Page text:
We don't need to send it up into the sky. In fact, it's estimated that about 35 percent of light is wasted — of the artificial light that we use at night, and that amounts to about $3 billion worth of energy that's lost every year. 


Dark sky international has worked with lighting engineers and lighting manufacturers to create guidelines on smarter lighting. 

The five principles of the guidelines are: 

1.  Determine the usefulness of the light in an area being considered. Think about the effects it'll have on wildlife and determine if alternatives such as reflective paints or signage may be used instead of a permanent light. 

2. Target the light. Use a shielded fixture to make sure that the light falls only where it's needed, aimed toward the ground. 

3. Choose the dimmest light that still gets the job done. 

4. Control the light with a timer or a motion detector and have the light turn off when it's not needed. 

5. Choose warmer lights toward the yellow part of the spectrum, avoiding white and bluer lights as research shows that warmer colors of nighttime lighting cause less harm to animal species. 

The Lights Out Texas campaign is currently urging Texans to turn off outdoor lights from 11 p.m. to 6 a.m. until June 15. Courtesy of Texas Conservation Alliance.


When we do these five principles, you will have plenty of light. It's just smarter lighting, completely. When you do that, when you follow these five principles, you save money. 


The organization recognizes parks, urban spaces and communities for adopting smart lighting practices, and Texas has about two dozen such places to be proud of. 


Some of those are parks. Some of those are cities and on our Dark Sky Texas website, you can go and click on at the top, Texas Dark Sky Places and you can have an interactive map of some of those places. 

Some of the cities that are working on it are obviously — the city of Dripping Springs was the first one in the state to be so designated, and that gave a lot of impetus to other people in the area. We've got the city of Horseshoe Bay. We've Wimberley Valley, which is Wimberley and Wood Creek. We've got Lakewood Village up north of Dallas. We've got the city of Fredericksburg. We've got the city of Blanco and the city of Bee Cave.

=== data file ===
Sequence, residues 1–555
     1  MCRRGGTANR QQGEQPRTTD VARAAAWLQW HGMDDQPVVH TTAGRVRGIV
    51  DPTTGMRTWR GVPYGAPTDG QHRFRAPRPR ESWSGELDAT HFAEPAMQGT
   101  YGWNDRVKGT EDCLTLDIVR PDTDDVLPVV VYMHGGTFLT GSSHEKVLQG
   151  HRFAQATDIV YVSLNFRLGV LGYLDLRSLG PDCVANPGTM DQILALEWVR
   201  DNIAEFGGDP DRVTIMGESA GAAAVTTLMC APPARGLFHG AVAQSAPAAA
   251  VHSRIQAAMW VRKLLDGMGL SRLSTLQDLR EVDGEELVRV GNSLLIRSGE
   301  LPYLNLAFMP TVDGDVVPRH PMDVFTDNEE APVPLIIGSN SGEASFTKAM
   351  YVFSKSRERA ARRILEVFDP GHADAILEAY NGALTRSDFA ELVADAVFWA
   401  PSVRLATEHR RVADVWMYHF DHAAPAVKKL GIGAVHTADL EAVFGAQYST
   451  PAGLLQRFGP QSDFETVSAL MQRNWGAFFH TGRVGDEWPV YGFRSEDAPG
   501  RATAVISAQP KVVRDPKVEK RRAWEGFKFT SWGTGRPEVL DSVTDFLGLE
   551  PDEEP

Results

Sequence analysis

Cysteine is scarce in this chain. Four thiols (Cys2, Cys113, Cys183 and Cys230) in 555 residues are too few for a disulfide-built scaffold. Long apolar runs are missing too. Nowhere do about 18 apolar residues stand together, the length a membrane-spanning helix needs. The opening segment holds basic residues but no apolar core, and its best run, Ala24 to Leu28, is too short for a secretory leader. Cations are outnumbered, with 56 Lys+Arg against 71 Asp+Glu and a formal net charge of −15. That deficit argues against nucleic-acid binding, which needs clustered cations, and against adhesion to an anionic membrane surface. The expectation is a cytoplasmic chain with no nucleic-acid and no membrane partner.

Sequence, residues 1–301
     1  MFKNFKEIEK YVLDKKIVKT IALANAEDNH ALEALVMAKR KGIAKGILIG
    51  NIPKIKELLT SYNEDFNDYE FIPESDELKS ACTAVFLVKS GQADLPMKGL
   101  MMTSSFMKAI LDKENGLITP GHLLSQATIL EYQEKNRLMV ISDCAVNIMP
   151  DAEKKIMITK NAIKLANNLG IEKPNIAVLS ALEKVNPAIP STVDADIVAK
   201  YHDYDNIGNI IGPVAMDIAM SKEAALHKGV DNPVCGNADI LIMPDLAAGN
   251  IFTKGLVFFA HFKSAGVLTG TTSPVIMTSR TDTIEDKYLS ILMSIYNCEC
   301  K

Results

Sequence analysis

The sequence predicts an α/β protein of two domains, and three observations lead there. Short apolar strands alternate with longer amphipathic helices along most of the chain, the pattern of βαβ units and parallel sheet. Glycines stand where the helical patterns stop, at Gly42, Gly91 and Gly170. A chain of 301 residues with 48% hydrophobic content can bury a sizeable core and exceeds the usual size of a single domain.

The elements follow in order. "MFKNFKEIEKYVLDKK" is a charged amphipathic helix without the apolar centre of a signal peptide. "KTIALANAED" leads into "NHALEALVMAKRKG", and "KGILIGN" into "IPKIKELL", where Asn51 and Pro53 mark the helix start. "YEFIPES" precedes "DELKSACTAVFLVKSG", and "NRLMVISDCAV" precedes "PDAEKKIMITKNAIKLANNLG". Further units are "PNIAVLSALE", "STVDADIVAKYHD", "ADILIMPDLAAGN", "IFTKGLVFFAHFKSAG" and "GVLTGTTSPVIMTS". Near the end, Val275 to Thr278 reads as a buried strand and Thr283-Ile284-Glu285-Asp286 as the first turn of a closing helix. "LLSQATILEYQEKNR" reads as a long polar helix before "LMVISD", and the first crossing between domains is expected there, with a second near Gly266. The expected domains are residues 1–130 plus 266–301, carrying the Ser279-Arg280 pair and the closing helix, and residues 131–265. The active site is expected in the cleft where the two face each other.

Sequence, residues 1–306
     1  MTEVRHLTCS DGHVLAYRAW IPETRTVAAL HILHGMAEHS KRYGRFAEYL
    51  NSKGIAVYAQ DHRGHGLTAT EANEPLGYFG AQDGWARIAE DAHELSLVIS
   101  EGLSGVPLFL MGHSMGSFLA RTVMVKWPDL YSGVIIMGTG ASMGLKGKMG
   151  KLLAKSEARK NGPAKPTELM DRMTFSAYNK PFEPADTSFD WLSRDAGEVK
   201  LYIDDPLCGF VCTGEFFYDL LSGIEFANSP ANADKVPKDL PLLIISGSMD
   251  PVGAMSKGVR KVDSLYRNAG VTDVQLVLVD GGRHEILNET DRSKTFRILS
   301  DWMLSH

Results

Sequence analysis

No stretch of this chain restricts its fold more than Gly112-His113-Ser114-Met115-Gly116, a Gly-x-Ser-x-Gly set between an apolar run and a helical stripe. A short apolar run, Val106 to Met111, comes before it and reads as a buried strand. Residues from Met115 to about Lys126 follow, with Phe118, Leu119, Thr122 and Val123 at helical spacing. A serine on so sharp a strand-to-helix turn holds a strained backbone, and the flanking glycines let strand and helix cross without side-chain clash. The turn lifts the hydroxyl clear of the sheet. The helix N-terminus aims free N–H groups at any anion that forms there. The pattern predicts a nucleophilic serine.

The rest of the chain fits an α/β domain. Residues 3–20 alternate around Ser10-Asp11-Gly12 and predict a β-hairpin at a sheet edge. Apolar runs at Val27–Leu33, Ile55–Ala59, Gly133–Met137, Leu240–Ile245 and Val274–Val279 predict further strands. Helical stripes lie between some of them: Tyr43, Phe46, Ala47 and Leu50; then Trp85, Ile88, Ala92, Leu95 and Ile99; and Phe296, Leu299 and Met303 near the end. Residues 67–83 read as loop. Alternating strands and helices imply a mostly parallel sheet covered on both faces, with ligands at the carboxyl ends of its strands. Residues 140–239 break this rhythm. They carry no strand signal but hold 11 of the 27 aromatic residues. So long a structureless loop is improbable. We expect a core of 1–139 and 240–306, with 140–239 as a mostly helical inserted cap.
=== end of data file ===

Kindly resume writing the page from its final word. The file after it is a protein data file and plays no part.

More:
As far as cities go, we also have several developments of distinction: Sierra La Rana out in West Texas, a Lost Creek development and River Hills neighborhood, both in the Austin area. 

Then for our parks, we have, of course, Big Bend National Park. We have Copper Breaks State Park, We've got U Bar U Camp and Retreat Center, South Llano River State Park, Big Bend Ranch State Park. 

Now both Big Bend Ranch State Park and Big Bend National Park are part of the bigger area that is now called the Greater Big Bend International Dark Sky Reserve. And that is a much larger area all the way up around McDonald Observatory, but it also goes into Mexico. So, all of that area has agreed to control their lights and anything that new goes up is following these five principles. 

We have Devils River State Natural Area, Milton Reimers Ranch Park, Lyndon B. Johnson National Historic Park, Black Cap Wildlife Management Area. All of these are International Dark Sky places in Texas, and then if you weren't counting, there were 21 of them. 


For the Texas Green Report, I'm Marshall Hinsley. 

For more statewide environmental news, go to Texas Green Report